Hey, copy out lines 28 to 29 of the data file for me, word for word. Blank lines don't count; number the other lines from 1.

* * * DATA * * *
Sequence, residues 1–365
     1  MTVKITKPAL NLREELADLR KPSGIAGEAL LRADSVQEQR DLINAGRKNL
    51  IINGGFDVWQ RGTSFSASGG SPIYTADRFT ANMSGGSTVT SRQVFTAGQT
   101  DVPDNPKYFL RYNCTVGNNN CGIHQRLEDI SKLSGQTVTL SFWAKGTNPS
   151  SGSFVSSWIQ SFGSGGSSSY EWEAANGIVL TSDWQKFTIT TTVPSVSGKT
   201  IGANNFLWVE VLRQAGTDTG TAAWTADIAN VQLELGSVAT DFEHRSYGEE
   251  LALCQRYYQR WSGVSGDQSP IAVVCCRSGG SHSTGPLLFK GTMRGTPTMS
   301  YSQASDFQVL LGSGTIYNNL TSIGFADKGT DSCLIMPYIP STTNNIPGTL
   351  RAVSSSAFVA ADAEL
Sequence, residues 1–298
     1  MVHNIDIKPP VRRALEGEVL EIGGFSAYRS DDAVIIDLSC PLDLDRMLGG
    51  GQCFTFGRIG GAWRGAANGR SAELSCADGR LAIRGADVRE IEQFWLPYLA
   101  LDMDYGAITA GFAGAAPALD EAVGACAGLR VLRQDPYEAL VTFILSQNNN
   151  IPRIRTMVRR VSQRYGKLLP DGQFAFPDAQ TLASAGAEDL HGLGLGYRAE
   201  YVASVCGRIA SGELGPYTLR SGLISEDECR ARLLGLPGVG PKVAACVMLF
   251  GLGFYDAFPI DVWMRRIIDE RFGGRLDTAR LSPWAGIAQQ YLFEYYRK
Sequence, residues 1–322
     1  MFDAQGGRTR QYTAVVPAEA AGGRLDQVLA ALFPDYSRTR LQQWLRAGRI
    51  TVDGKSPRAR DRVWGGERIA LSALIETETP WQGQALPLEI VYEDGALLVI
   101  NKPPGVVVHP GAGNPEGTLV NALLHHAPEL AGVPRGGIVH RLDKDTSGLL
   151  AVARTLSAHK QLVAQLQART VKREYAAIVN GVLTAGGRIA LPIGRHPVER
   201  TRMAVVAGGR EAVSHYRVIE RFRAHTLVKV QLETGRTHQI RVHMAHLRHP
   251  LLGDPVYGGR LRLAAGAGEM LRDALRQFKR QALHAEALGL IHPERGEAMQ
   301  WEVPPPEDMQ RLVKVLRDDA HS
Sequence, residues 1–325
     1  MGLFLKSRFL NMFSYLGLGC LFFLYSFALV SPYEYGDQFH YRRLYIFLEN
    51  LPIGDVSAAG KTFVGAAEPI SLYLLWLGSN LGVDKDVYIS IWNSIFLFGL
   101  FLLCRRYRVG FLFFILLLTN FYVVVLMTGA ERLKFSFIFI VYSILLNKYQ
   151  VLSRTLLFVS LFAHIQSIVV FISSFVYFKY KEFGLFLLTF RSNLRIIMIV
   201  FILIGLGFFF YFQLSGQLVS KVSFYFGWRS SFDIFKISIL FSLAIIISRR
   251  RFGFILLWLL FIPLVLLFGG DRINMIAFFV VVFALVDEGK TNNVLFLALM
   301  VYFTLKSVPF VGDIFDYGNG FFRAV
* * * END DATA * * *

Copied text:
   101  FLLCRRYRVG FLFFILLLTN FYVVVLMTGA ERLKFSFIFI VYSILLNKYQ
   151  VLSRTLLFVS LFAHIQSIVV FISSFVYFKY KEFGLFLLTF RSNLRIIMIV